Online directories can still serve a purpose as part of an online marketing strategy. For example, they are handy for businesses that do not have a website. This at least gives the business name, address and contact details findable on the Internet.

The Big Two Directories

There are two online directories that are still highly regarded  by the search engines.  These are the Open Directory Project (DMOZ) and the Yahoo directory.  Publishing in either of these is difficult as a free entry may not be reviewed for months and even then there is no guarantee of inclusion.  There is the option to pay for a review but again that does not guarantee inclusion in the directory.

Niche Directories

Having an entry in a niche directory can be useful and can get traffic to your website.  These directories target a  specific to an industry or an interest etc.  If your website falls into such a specific  niche, then consider an entry.

This can have a positive effect on your website ranking if the directory is well respected.  Trade Association directories are the main niche directories.

Free or Paid Listings?

Most directories offer free listings with the option to pay to get a better listing such as with more photos, more prominence in searches etc.

But, it is difficult to justify spending a lot of money on an enhanced listing when the money could be spent on direct online advertising instead with Google, Bing, Facebook and others.

Do enter your email address and click on the subscribe button on top right to keep up to date with new posts.

Fightback Ninja Signature

Online Watch Link

Online Watch Link known as OWL is an online service for Neighbourhood Watches, the Police and associated bodies involved in preventing and stopping crime.

It’s designed to keep people informed of what’s going on locally relating to crime prevention for both the public and the Police.

It’s used by a lot of the Neighbourhood Watches across the UK but not all so if you input your postcode in the Find a Watch scheme box on the home page – you may well get the message “Sorry that postcode is not covered by OWL”.

OWL has been featured on Crimewatch and is growing in popularity.

The website is https://www.owl.co.uk/

Q. How does OWL help?

Local authorities send out alerts via OWL about crime and local issues in your area. It can help to prevent burglary, find missing people, makes people feel safer and catch suspects.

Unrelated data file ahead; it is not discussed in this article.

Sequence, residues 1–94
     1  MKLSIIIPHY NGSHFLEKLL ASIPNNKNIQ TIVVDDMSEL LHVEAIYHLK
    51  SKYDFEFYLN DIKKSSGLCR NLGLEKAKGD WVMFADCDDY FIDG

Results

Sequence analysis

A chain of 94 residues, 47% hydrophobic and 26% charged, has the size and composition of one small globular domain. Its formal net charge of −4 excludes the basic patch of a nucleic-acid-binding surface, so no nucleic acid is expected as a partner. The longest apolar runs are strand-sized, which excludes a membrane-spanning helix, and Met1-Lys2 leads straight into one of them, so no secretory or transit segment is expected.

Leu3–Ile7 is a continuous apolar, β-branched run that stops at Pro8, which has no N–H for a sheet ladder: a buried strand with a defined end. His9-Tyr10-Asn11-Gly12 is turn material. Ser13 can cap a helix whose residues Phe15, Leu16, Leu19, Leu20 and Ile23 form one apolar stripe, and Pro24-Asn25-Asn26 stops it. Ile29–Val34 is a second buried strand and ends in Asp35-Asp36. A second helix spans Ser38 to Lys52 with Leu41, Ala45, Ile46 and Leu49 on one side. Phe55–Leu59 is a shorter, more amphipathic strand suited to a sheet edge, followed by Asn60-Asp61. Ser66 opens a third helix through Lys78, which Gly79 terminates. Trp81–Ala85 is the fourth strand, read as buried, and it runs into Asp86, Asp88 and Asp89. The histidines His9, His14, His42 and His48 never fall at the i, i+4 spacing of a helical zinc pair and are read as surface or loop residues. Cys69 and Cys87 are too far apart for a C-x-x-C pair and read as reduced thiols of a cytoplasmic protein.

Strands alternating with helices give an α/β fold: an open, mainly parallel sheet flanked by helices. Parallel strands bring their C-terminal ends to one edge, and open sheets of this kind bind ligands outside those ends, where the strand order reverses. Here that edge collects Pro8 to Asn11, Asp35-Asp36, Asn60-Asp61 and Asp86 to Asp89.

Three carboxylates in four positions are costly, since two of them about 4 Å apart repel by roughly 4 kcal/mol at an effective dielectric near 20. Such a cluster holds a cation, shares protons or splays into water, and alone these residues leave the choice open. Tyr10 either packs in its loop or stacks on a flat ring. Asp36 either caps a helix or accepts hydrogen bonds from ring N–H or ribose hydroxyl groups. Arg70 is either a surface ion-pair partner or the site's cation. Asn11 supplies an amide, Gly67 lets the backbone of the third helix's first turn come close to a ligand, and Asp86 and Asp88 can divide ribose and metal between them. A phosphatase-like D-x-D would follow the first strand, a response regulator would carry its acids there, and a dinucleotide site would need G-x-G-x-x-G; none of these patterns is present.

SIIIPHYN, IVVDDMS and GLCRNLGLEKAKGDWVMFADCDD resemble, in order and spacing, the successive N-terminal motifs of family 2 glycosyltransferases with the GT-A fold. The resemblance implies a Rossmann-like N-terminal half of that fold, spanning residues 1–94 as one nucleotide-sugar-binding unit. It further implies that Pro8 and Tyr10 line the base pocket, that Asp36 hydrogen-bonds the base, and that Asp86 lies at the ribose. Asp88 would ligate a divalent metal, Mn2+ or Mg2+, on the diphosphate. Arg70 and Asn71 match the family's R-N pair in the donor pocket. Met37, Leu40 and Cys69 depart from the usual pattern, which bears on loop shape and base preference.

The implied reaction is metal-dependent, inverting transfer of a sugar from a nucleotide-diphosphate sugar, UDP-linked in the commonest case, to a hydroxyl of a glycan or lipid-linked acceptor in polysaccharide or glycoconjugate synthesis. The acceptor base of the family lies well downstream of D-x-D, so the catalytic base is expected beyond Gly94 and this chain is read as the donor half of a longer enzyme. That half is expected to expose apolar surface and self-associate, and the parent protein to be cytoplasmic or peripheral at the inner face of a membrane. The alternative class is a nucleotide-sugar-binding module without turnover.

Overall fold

OWL Has National Police Approval

There is some advice on the website relating to various categories of crime, but the website is all about the OWL service.

Searching the Internet shows that many communities have incorporated OWL into their local information websites and neighbourhood watches.

Owl was created by a British company based in Hatfield.

It seems a useful tool in crime prevention and the more communities and Watches that us it the more useful it will become.

Do click on the Facebook or Twitter icons on top right to follow Fight Back Ninja.

Fightback Ninja Signature

Clickbank Causes Spam

For much of this year, there have been huge numbers of spam emails relating to a Flight Simulator game and to Wood Working plans.

These message seem crazy as they are so frequent and sent to the same people and surely if someone wants to buy a Flight Simulator package they will have done so and why would anyone in their right mind buy thousands of wood working plans, supposedly to instantly start a carpentry business.

But these two products are very very popular on Clickbank.

Clickbank is a marketplace for people selling products online (mostly digital products) and people wanting to make money by helping to sell those products as affiliates of the seller. These people earn commission for each product sold.

Typically an affiliate will use a website (their own or other people’s) and send out emails to attract people to a website that sells the product (sometimes  called a sales landing page).

This marketplace works well for a lot of people but sometimes very high commission is offered on stupid products and the world fills up with spam.

e.g. Ted’s Wood Working Product offers 75% commission to affiliates getting people to visit Teds sales page and buy the product.

The original sales pitch is for thousands of wood working plans for $69 but then there’s an upsell and more sells and the average purchaser ends up paying over $125 in total.